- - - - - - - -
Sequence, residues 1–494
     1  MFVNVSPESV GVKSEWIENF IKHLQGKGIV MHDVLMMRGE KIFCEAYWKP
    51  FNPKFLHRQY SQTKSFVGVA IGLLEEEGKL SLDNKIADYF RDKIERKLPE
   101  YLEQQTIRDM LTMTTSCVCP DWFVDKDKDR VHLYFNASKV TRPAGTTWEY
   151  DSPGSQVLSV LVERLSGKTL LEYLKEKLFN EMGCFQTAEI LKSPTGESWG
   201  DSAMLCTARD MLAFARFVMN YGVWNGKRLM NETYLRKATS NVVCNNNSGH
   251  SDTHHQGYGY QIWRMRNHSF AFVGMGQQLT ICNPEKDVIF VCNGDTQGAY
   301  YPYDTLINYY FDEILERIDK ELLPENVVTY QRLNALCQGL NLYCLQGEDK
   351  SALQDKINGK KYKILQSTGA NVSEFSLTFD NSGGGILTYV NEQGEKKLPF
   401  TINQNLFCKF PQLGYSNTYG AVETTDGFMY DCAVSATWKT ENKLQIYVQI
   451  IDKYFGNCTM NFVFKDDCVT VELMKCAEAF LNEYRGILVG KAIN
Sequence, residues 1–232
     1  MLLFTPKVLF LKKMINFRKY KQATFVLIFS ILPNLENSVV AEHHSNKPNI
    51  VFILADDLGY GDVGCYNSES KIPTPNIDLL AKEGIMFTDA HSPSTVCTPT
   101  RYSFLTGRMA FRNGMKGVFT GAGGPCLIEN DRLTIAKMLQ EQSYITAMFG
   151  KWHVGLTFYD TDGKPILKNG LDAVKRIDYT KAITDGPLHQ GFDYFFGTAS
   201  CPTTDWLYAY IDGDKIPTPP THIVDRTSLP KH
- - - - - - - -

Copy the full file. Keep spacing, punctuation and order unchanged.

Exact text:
Sequence, residues 1–494
     1  MFVNVSPESV GVKSEWIENF IKHLQGKGIV MHDVLMMRGE KIFCEAYWKP
    51  FNPKFLHRQY SQTKSFVGVA IGLLEEEGKL SLDNKIADYF RDKIERKLPE
   101  YLEQQTIRDM LTMTTSCVCP DWFVDKDKDR VHLYFNASKV TRPAGTTWEY
   151  DSPGSQVLSV LVERLSGKTL LEYLKEKLFN EMGCFQTAEI LKSPTGESWG
   201  DSAMLCTARD MLAFARFVMN YGVWNGKRLM NETYLRKATS NVVCNNNSGH
   251  SDTHHQGYGY QIWRMRNHSF AFVGMGQQLT ICNPEKDVIF VCNGDTQGAY
   301  YPYDTLINYY FDEILERIDK ELLPENVVTY QRLNALCQGL NLYCLQGEDK
   351  SALQDKINGK KYKILQSTGA NVSEFSLTFD NSGGGILTYV NEQGEKKLPF
   401  TINQNLFCKF PQLGYSNTYG AVETTDGFMY DCAVSATWKT ENKLQIYVQI
   451  IDKYFGNCTM NFVFKDDCVT VELMKCAEAF LNEYRGILVG KAIN
Sequence, residues 1–232
     1  MLLFTPKVLF LKKMINFRKY KQATFVLIFS ILPNLENSVV AEHHSNKPNI
    51  VFILADDLGY GDVGCYNSES KIPTPNIDLL AKEGIMFTDA HSPSTVCTPT
   101  RYSFLTGRMA FRNGMKGVFT GAGGPCLIEN DRLTIAKMLQ EQSYITAMFG
   151  KWHVGLTFYD TDGKPILKNG LDAVKRIDYT KAITDGPLHQ GFDYFFGTAS
   201  CPTTDWLYAY IDGDKIPTPP THIVDRTSLP KH